Living Dinosaurs: Fun Facts on Our Morelet's Crocodiles

September 28, 2017

In the Mayan culture, crocodiles were revered creatures, symbolizing new beginnings and potential. So it’s only appropriate that these toothy reptiles will be an important part of the Aquarium’s new beginnings in Caribbean Journey.

These beautiful Morelet’s crocodiles will reside in the Karst pool of Caribbean Journey’s jungle, basking on the shore or lurking just at the surface of the water.

In the wild, Morelet’s crocodiles live only in the freshwater regions of Mexico, Belize, and Guatemala, where they can grow to be over 9 feet in length. They are opportunistic predators, feeding on just about everything that can get their jaws around, from fish and small mammals to birds or even large prey like goats. The crocodile’s mouth is lined with 66 or more sharp teeth, which help it grab and hold onto its next meal. Rather than chewing their food, they’ll tear off chunks and swallow them whole.

These crocs get their name from French naturalist Pierre Marie Arthur Morelet, who discovered the crocs in 1850. However, the crocodile wasn’t designated as a distinct species until the 1920s.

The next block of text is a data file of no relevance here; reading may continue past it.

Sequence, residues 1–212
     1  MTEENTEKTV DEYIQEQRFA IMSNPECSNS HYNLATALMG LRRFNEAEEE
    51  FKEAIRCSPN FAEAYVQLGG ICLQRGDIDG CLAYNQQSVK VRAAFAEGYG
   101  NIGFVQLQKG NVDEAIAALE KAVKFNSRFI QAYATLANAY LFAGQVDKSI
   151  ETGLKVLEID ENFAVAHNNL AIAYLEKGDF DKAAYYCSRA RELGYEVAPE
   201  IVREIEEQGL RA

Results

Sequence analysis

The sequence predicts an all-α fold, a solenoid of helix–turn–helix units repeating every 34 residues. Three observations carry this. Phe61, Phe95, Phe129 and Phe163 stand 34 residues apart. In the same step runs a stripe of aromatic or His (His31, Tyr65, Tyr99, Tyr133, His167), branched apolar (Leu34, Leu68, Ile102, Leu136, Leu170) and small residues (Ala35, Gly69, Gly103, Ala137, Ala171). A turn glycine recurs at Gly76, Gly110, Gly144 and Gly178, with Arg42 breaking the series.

And while the Morelet’s was only discovered relatively recently, crocodiles have been swimming the Earth for more than 180 million years, making them as close as we’ll probably ever get to seeing real-life dinosaurs.

With their tough armored skin, muscular lizard-like bodies, and long snouts, crocodiles are commonly mistaken for alligators. So how do you know if you’ve seen an alligator and a crocodile? Well, a crocodile you see after a while, and an alligator you see later.  In all seriousness, there are some telltale signs to differentiate these two aquatic reptiles. Alligators have wide, U-shaped snouts, while a crocodile’s mouth is a more pointed V-shape. When their mouths are closed, you can usually only see an alligator’s top teeth, while in a crocodile you can see both upper and lower teeth.

You’ll soon get a real up-close look at these croc’s unique features when Caribbean Journey opens in May 2017.

Learn what other species will reside in Caribbean Journey

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